Listen to your body (see here for the signs and symptoms of heat exhaustion) and give yourself extra time to reach your destination.  Be prepared for your regular ride leave you feeling a bit more sore and tired than usual.

Final thoughts
If you are in relatively good health, dress for the weather, carry water, and adjust your pace, I don’t think there is such a thing as “too hot to bike.”

For the work commute, you can generally have at least one direction be relatively comfortable, most likely the morning commute (unless you regularly work past 7pm, and then the evening commute might not be so bad).  Summer bike commuting is a good time to embrace (or find) your early bird.

Your turn!
I’d love to hear other tips, tricks, or thoughts on biking in heat and humidity.


  1. Matthew says:

    I’ve been working without easy access to showers for a while, and find that a shower in the morning, and a rinse off shower in the evening keep me smelling fresh, even if I do have some sweat on me from my morning commute.

    I’m a great fan of biking without socks in the heat, and I prefer a dedicated cycling shirt that is of a cooler material (linen or seersucker) than a t-shirt.

    For extreme heat and humidity I rely on an old farming/gardening trick. Get wet. I bring extra water and use a little to wet down my hair and my shoulders and the front of my shirt. This allows for some serious evaporative cooling. Last summer when I was biking home in 115 degrees and full sun I wet down three times over the 5 mile commute, and I substituted some board shorts for my normal shorts so I wouldn’t have too much heavy wet fabric on.

    Clearly the get-wet plan works best when arriving home rather than on your way to work or an event, but if you start using it you can also start learning about how long it’s going to take your clothes to dry and make more use of the technique.

  2. This is *exactly* the sort of response I was seeking – thanks! I don’t know that I realized it at the time, but yes, I think you’re right that a change of clothing will be necessary for a 10K commute. I do not have showers at work, though once I’ve had 20 minutes or so to cool off, and especially with a fresh outfit to change into, I don’t really struggle with any lingering body-odor issues (certainly nothing a little time at the sink couldn’t address). Unfortunately, no shower at work, and the gym I used to belong to nearby is terribly expensive (it was lovely, but the stress associated with the monthly payment outpaced the mental- and physical-health benefits gained by working out there).

    I just know the humidity added to our heat plays a crucial role in increasing loss of moisture and electrolytes, and unlike places farther north, we don’t often have the luxury of crisp mornings and temperate evenings between late June and sometimes into September. The comment about the air-conditioned lass wilting in the St. Louis summer was exactly right! I’ve been that lass too often.

    I am planning to try the commute next week, when things are slow and it looks like we’ll have a nice break from the heat (highs of 79-82). If things go well, I think it will give me a great sense of how to make it work when it is warmer.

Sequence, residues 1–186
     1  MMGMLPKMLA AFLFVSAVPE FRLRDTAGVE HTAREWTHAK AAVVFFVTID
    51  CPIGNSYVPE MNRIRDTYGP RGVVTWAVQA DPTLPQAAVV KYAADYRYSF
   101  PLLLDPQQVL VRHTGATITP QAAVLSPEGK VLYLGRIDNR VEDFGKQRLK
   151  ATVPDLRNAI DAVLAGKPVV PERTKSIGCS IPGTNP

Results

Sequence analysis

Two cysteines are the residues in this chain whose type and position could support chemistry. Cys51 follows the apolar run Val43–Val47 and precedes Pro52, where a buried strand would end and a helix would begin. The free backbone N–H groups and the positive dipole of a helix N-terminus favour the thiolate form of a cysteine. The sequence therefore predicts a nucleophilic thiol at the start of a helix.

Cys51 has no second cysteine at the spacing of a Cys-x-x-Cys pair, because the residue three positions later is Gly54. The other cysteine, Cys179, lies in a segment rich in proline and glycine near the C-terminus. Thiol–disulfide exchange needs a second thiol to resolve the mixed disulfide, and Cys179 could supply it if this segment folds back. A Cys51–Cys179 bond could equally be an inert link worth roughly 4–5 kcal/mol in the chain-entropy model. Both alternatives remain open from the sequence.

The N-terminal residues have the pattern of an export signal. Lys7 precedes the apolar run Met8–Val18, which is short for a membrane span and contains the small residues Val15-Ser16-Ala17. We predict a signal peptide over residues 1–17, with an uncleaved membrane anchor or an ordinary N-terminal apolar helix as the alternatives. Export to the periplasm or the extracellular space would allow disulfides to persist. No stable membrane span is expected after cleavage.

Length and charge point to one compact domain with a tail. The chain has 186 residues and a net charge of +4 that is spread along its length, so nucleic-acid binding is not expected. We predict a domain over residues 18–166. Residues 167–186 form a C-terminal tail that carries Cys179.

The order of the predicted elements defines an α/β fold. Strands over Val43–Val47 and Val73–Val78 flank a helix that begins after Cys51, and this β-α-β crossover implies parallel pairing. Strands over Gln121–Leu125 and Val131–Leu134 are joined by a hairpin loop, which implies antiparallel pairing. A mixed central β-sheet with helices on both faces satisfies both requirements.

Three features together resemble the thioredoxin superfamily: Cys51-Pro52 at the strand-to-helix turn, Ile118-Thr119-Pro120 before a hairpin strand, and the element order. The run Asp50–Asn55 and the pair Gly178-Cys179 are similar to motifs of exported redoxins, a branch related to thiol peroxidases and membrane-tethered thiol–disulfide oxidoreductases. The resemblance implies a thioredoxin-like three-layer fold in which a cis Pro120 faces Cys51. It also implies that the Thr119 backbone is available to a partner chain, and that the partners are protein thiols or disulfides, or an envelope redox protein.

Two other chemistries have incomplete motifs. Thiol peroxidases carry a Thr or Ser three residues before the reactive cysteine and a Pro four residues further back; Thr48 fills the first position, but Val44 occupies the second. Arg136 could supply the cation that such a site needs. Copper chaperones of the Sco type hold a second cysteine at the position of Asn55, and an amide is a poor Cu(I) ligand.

3. EcoCatLady says:

    Well, here in Denver we don’t have much humidity to contend with, but riding in 90 degree + heat with LOTS of sunshine is a daily experience. I’ve discovered a few things that help.

    For the sunshine, I always take a PABA supplement – it’s a Vitamin B thing and while PABA in sunscreens has been banned, taking it as a supplement really helps with sunburn and has no adverse effects (that I’m aware of.) But as a redhead, I also have to slather with sunscreen for long rides. Recently I’ve been trying zinc oxide based sunscreens. They are apparently the least toxic out there and they do a much better job than other kinds that I’ve tried, and they’ve discovered some way to make the zinc invisible so you don’t look like a total dork or anything. A bike helmet with a good viser is also a must to keep the sun off of your face as much as possible. I’ve also read about these interesting things called “arm coolers” recently, but haven’t tried them:

    The other thing I’ve found is that while I’m loathe to admit that one has to have special clothing for biking, bike jerseys really do work better than regular shirts. I’ve got a few Pearl Izumi jerseys that I found at the thrift store for about $4 each, and they’re wonderful! They have high collars so the sun stays off of your neck and they’re made from some sort of material that wicks moisture so they don’t show sweat. And they have extra length in the back so you don’t end up with a sunburnt strip across your lower back. Plus they have back pockets so you have someplace to carry stuff. They look nice enough that I wear them when I’m running errands by bike.

    This part might sound counter-intuitive, but I find that I feel the heat much less if I ride faster, because it creates a nice breeze. Not sure if that works the same in high humidity situations, but it works here! Of course, if it means you have to work significantly harder, the tradeoff might not be worth it.

    All that being said, once the thermometer tops 100, I generally stay inside and huddle by the AC!

  4. Jennifer says:

    I haven’t been a bike commuter for a while, and when I was, I was a fair weather bike commuter. But I found it easiest to wear biking shorts and t-shirt for the ride, and bring something easy for work, like a skirt I could just pull on over the biking shorts, or a button down shirt to go over the t-shirt.

  5. Thanks for the tips, folks! EcoCat, I generally agree that, while riding, going faster helps (more breeze), but the problem with humidity is that when you sweat, it doesn’t evaporate very quickly due to the high moisture level in the air. So that extra effort can drastically increase your cool-down time on and off the bike (which can be very dangerous, from a body-temp-reg perspective). I was able to ride last week, when St. Louis had unseasonably-cool weather. I am skipping so far this week, when the weather has been described as “the most oppressive of the summer”. (Highs in the mid-90s and heat index predicted of 105.)